Connecting state and local government leaders
Detecting trouble early gives states and local governments more flexibility to solve a local government’s fiscal challenges.
This article was originally published by The Pew Charitable Trusts as part of the States' Fiscal Health initiative and was written by Mary Murphy and Matthew Cook.
In January, Ohio’s government published a report, “Financial Health Indicators,” which analyzed each of the state’s 88 counties and 247 cities to identify those that may have fiscal challenges.
The effort was designed to allow the state to “help communities avoid going over a fiscal cliff instead of resuscitating them after they crashed at the bottom,” according to Ohio Auditor of State Dave Yost, whose office produced the report. The staff analyzed each county and city based on 15 or 17 measures of fiscal health, depending on which accounting system they use.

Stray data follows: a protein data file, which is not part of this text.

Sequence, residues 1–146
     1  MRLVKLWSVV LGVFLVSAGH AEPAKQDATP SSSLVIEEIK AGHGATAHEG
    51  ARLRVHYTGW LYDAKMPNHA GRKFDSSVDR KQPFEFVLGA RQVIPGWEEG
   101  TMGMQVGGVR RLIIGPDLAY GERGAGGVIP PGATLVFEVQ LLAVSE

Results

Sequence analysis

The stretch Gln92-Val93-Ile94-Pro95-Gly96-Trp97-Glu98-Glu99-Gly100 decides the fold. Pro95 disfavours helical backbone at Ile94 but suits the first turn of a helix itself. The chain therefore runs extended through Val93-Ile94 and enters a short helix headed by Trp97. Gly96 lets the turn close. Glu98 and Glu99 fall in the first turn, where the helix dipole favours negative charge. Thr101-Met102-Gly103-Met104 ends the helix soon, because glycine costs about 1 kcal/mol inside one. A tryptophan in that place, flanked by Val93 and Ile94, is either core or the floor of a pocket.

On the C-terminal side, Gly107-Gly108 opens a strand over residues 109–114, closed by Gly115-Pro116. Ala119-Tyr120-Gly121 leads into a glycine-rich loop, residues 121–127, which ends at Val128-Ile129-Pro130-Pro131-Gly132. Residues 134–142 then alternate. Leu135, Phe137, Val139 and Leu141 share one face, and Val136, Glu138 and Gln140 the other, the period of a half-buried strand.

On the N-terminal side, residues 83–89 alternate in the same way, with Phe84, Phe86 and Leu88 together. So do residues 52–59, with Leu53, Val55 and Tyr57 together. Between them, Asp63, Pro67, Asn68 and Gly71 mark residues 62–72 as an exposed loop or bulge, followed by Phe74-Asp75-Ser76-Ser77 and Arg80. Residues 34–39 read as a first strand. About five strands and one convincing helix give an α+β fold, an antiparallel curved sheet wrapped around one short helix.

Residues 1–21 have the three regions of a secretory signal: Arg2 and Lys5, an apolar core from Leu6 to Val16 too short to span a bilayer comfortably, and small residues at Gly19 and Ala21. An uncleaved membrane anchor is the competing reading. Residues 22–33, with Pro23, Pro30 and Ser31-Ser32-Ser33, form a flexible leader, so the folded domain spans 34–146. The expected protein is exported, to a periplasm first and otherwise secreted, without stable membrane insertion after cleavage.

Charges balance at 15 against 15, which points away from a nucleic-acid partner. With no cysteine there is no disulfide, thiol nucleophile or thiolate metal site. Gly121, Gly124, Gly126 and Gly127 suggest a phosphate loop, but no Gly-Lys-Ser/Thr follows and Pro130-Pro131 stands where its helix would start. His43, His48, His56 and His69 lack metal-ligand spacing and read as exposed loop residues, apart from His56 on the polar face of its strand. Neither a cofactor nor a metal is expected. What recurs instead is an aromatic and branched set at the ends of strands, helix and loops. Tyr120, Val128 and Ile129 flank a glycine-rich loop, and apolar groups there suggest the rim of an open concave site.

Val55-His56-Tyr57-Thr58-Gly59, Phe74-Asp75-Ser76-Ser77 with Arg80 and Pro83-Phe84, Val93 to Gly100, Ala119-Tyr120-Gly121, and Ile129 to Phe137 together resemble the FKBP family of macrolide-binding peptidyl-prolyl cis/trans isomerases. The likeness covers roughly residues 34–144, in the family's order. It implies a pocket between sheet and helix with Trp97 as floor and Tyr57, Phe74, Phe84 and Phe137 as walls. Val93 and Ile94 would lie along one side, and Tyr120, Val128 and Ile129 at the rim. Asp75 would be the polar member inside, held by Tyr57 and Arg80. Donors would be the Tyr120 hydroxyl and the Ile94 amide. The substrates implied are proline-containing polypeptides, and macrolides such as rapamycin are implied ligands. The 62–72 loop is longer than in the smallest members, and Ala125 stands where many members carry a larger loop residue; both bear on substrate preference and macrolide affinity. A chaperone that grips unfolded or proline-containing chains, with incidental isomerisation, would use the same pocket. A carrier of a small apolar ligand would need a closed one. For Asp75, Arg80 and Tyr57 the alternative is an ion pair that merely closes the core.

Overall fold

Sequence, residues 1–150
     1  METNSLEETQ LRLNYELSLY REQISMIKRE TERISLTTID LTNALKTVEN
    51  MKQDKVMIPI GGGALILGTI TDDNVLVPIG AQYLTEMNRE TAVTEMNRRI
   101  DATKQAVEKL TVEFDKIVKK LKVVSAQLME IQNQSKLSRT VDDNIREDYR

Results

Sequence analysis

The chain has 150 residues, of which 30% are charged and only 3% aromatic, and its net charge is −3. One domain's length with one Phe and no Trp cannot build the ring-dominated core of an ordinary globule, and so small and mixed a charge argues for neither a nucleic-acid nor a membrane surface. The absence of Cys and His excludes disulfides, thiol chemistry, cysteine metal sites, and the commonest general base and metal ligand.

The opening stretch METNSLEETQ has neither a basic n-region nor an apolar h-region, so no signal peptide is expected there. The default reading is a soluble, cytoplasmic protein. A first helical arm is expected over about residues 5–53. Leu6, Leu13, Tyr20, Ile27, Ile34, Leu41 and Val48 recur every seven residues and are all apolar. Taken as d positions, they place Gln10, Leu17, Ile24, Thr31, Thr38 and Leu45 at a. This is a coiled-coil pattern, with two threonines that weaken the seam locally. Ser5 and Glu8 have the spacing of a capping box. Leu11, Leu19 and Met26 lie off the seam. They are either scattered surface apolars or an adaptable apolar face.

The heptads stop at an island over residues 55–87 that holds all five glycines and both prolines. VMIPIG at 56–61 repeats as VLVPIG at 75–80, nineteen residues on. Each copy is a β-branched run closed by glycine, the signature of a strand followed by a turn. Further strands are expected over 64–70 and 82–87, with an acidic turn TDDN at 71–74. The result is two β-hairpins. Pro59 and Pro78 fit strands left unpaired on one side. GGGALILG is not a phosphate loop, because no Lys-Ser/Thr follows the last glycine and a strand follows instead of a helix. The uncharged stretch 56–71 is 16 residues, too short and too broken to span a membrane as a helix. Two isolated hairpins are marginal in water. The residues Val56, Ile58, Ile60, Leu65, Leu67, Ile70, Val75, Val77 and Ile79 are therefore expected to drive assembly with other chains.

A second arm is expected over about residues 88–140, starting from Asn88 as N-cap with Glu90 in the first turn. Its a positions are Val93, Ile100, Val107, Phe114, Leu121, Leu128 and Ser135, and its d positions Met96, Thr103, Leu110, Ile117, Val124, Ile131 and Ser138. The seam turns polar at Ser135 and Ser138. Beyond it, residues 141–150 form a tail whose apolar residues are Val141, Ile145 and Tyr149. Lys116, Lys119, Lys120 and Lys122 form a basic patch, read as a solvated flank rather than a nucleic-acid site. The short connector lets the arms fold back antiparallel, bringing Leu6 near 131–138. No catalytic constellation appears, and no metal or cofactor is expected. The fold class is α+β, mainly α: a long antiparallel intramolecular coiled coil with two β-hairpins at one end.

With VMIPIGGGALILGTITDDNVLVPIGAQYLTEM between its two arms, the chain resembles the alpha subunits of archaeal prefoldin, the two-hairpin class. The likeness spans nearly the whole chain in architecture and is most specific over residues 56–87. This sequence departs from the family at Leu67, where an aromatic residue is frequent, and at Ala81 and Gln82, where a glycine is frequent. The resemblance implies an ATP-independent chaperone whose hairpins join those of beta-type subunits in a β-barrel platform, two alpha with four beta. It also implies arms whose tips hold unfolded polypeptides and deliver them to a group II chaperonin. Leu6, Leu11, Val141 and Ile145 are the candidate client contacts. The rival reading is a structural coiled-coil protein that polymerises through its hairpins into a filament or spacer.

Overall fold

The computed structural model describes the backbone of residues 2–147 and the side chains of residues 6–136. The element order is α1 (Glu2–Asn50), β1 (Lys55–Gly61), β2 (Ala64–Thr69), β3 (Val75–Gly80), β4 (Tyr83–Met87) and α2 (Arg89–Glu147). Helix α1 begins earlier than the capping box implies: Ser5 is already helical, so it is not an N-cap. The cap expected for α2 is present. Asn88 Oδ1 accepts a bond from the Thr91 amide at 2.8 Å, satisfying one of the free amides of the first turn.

Ohio is among 23 states that actively and regularly monitor the fiscal health of local governments, according to research by The Pew Charitable Trusts. It has had monitoring policies in place since 1979 and has a long history of working with distressed local governments. With this new biannual report, Ohio joins New York, Oregon, and Washington in identifying local governments that may be in financial trouble based on a set of indicators and publishing the results in a report or on a website. All four states adopted this model over the last five years.
“Yost wanted to arm citizens with information so that they could go to their county commission meeting or city council meeting and ask intelligent, informed questions—and have local officials do the same thing,” said Benjamin Marrison, director of communications for Yost’s office. Ultimately, the hope is that local officials will make more sound financial decisions.